Sikkema Jenkins & Co. is pleased to present The Whole Picture, a group exhibition featuring work by Zipora Fried, Arturo Herrera, Thomas Pihl, and Erin Shirreff. The Whole Picture explores how these artists approach and utilize the language of abstraction in the relationship between image and frame. Each work uniquely contends with the idea of an abstract body inhabiting a pre-fixed space, determined by the artist or the viewer.
Zipora Fried’s color pencil drawings consider how individual gestures can be deconstructed and rearranged, emphasizing the “eloquence of the mark” within each stroke of color. No particular area is valued over another—“all areas are treated equally,” Fried says of her drawings. The visual frame is constructed via a rhythmic weaving of color and line, drawing attention to subtle variations in light, tone, and shadow. The large-scale drawing All I thought and Forgot (Delft blue), is presented as a hanging installation with sculptural folds, prompting the viewer to confront the physical nature of a work on paper outside the familiar two-dimensional frame.
Both Arturo Herrera’s monumental wall painting, Jiffy and his small-scale painted books explore how gestural abstraction adapts to and complicates the surface it is applied to. The intersecting neon green and white forms of the wall painting are adapted to fit within and react to a specific architectural space, allowing the artist to translate the original two-dimensional drawing into a spatial intervention. Herrera’s appropriation of used books considers the history and contents of the object (here used as the canvas) as an additional layer of public and private meaning. The painted books present a complete hybrid image, combining layers of abstraction and color with the book’s existing graphic design and quotidian nature.
Similar to Fried, the transmutability of pigment plays a central role in the paintings of Thomas Pihl. Pihl’s shimmering color fields are constructed from layers of paint, mixed and blended until a dominant color overwhelms the canvas. Pihl allows the darker, less translucent shades of older pigments to show through on the canvas edges, framing the painting in a soft shadow and gently focusing the viewer’s gaze towards an indeterminate center. Pihl’s paintings are self-contained by their sensitivity to color, materializing itself as a meditative field of pigment.
Erin Shirreff’s diverse body of work focuses on the gap between objects and their representations, and the materials (and materiality) of their image-making. For her Catalogue series of sculptures, Shirreff produced plaster casts based on her own freehand drawings—the original gestural line is extended into space, capturing light and shadow while sharing physical space with the viewer. Bronze is part of a recent body of work utilizing dye-sublimation. This technique allows the artist to print enlarged scans of halftone book reproductions onto sheets of aluminum, which are then cut into shapes that share the unique geometry of Shirreff’s sculptures. The cut-outs, at once flat and three-dimensional, are arranged in informal compositions that reference the accidental juxtapositions that can take place as part of a studio practice.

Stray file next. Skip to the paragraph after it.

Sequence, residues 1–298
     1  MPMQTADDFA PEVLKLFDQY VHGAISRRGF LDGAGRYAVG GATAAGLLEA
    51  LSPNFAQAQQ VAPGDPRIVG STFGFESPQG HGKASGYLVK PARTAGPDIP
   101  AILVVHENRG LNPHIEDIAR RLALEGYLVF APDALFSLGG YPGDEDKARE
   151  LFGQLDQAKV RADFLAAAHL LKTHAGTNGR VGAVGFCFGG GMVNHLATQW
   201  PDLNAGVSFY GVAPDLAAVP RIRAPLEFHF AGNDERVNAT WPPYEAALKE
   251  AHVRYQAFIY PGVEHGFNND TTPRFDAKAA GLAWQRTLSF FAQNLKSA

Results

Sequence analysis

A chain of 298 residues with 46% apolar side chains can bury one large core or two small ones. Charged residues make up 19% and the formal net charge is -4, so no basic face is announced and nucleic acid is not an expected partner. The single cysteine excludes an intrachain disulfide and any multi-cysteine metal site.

Zipora Fried (b. Haifa, Israel) studied at the Academy of Applied Arts, Vienna. Recent exhibitions include Late October at On Stellar Rays, New York (2016); Zipora Fried at Marfa Contemporary, Marfa, TX (2015); and Good Night, Mister Procustes at Galerie Steinek, Vienna (2014). Her work is included in public collections of The Whitney Museum of American Art, New York; Albright-Knox Gallery, Buffalo, New York; The Albertina Museum, Vienna; and the Harvard Art Museums, Cambridge, MA. She currently lives and works in New York.
Arturo Herrera (b. 1959, Caracas, Venezuela) received his BA from the University of Tulsa, and his MFA from the University of Illinois at Chicago. He has exhibited widely in galleries and museums internationally, including recent solo exhibitions at Tang Teaching Museum and Art Gallery at Skidmore College in Saratoga Springs, NY (2015) and Albright-Knox Art Gallery in Buffalo, NY (2014). His work is included in many prominent collections including the Art Institute of Chicago; Metropolitan Museum of Art; Museum of Modern Art, New York; and Museum of Fine Arts, Boston. Hop, a site-specific installation at Kunst-Station im Hauptbahnhof Wolfsburg is on view through March 10. Herrera currently lives and works in Berlin.
Thomas Pihl (b. 1964, Norway) received his MFA from the Hunter College City University of New York in 1999. His work has been the subject of recent solo exhibitions at Kunst RAI, Amsterdam; Galleri SE, Bergen, Norway; Gallerie Anna Wegner, Zurich; and Dagali Museum, Hallingdal, Norway. Pihl’s work was recently on view at Scandinavia House in New York in the group exhibition Light Lines (2019).
Erin Shirreff (b. 1975, British Columbia) received her BFA at the University of Victoria, British Columbia (1998) and her MFA in Sculpture from Yale University. Recent solo exhibitions include shows at Shane Campbell Gallery, Chicago (2019); Lora Reynolds Gallery, Austin (2018); Kunsthalle Basel, Switzerland (2016); and a survey of photography, sculpture, and video at ICA Boston and Albright-Knox Gallery, Buffalo, NY (2015-16). Her work is included in the public collections of the Metropolitan Museum of Art, New York; the Centre Pompidou, Paris; Los Angeles County Museum of Art, California; The Museum of Modern Art, New York; and the Art Gallery of Ontario. She currently lives and works in New York.